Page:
Wednesday, April 26, 2006

Karnataka sleeps while other states pitch for urban makeover

West takes lead in revamping cities
Business Standard

Ahmedabad, Bhopal, Jaipur, are ready to smarten up.

If you live in the following states and want a city that is modern and responsive to your needs, consider relocating immediately.

Barring Rajasthan and Chandigarh, none of the Hindi heartland states —Bihar, Uttar Pradesh, Haryana, Himachal Pradesh, Delhi, Jammu and Kashmir, Rajasthan, Jharkhand, Punjab and Uttaranchal—has responded to the Centre with a city development plan.

Uttar Pradesh has only two weeks ago appointed consultants to draw up the plan (as many as eight cities including Lucknow, Allahabad and Meerut are in the Jawaharlal Nehru National Urban Renewal Mission list).

The Union urban development ministry’s efforts to prod Delhi into submitting plans have met with a resounding yawn – with the Commonwealth Games coming up, the state is flush with funds and does not need the headache of carrying out the reforms mandated by the mission.

Southern states are marginally better. Though neither Karnataka, where both Mysore and Bangalore are on the list and desperately need urban planning, nor Kerala has drawn up plans, Tamil Nadu (Chennai, Coimbatore and Madurai) has submitted its plan, but sanction of funds has been put off till the Assembly elections are over.

The real stars are Maharashtra, Gujarat and Andhra Pradesh. The quality of the plans submitted by Greater Mumbai and Nagpur are outstanding, say urban development ministry officials.

Maharashtra has even conducted, at considerable expense, a customer satisfaction survey among Nagpur and Greater Mumbai residents to find out in what respect they find their city wanting, the services they satisfied with and what they expect from the city in 5, 10 and 15 years.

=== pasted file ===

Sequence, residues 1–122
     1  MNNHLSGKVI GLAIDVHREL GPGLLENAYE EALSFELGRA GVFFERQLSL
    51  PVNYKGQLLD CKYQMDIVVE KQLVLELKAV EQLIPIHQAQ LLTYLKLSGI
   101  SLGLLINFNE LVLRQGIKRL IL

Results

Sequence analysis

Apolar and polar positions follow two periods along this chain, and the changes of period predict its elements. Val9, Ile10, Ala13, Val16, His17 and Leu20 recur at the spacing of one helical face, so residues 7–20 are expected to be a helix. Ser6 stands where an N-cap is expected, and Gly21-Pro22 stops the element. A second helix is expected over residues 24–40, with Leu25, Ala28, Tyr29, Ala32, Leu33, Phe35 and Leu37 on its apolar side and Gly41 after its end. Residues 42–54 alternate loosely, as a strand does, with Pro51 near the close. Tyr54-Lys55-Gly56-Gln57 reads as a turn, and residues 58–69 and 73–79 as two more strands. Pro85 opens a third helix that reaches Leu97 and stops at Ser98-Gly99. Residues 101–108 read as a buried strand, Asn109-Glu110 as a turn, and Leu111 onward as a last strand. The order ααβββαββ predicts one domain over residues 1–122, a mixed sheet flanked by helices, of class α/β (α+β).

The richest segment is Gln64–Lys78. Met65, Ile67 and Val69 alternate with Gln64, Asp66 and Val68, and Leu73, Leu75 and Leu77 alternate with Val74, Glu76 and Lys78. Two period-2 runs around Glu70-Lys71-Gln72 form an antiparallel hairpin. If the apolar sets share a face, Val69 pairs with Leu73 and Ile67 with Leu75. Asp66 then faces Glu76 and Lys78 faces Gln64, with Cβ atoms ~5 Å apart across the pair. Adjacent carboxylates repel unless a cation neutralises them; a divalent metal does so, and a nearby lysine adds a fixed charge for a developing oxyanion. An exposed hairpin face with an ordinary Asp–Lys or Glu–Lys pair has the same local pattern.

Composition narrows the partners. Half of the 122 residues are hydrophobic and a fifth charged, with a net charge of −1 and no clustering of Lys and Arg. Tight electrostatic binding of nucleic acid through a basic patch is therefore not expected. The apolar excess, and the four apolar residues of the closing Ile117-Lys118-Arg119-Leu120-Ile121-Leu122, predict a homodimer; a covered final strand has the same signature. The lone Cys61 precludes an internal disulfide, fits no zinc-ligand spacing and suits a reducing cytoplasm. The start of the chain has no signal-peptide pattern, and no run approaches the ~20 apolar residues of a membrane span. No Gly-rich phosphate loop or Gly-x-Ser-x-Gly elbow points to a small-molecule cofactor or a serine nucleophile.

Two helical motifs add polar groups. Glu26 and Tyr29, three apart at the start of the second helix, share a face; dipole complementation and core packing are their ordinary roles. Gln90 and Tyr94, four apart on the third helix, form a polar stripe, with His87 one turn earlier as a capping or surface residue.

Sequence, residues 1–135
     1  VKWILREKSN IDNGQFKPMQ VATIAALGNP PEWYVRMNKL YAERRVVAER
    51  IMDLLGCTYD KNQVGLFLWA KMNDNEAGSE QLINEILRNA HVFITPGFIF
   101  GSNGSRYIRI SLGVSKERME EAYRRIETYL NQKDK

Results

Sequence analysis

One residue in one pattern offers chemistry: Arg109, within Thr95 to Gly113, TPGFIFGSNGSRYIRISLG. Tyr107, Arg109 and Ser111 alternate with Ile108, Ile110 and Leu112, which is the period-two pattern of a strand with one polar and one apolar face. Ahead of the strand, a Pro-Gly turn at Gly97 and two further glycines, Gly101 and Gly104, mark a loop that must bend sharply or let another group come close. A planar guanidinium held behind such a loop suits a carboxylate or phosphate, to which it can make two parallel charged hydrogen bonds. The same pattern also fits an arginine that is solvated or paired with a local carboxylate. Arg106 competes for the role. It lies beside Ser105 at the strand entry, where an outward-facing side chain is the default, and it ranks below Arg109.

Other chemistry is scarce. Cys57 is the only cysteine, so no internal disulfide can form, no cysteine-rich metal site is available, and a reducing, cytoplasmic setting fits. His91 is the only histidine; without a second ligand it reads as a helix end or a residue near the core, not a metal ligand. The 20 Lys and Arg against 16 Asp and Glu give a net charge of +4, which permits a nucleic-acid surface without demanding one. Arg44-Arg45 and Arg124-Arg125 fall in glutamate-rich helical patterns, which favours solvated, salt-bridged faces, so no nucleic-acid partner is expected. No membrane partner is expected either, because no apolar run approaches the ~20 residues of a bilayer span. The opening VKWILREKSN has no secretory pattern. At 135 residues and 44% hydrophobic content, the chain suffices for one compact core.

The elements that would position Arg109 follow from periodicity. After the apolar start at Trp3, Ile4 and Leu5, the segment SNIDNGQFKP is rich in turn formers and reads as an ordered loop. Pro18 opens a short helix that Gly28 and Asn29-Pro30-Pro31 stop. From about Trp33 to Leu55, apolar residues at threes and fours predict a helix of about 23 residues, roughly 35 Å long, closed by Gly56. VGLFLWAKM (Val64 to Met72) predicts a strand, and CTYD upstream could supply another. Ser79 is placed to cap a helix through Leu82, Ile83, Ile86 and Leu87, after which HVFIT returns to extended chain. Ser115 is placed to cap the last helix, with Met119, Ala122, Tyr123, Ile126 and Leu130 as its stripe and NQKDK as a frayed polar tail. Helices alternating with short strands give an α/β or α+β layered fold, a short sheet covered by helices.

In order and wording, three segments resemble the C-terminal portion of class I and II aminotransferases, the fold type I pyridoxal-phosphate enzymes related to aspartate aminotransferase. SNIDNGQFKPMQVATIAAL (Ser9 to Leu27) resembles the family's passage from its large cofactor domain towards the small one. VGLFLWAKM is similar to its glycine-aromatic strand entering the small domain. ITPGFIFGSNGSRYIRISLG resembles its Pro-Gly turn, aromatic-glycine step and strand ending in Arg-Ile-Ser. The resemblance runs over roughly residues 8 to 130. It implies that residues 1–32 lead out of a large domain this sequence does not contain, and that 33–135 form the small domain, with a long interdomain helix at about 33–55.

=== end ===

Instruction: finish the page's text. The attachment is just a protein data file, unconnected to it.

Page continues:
Mumbai has been left out because the cost of making changes in the Mumbai system—whether it is repeal of ULCRA or e-governance or reform of rent control laws —is too high and it needs a separate budget altogether. Nanded and Nasik are yet to submit their plans.

From Gujarat, Ahmedabad, Rajkot, Surat and Vadodara have already submitted their plans, collected the first tranche of money (the total central share for Gujarat’s modernisation projects amounts to Rs 17,745 crore) and begun work, mostly water related, in the three months that the project has been kicked off.

Similarly, Andhra Pradesh has begun work proactively in modernising Hyderabad, Vijayawada and Vishakhapatnam.

There is concern among planners that if the development of Indian cities is skewed and uneven, it will ultimately tell on India as a nation.

But competition, in terms of development and its effect on real estate prices, is expected to do the trick. 'Once people see other cities doing well, they will put pressure on the administration in their states to perform. That is our hope' said an official.


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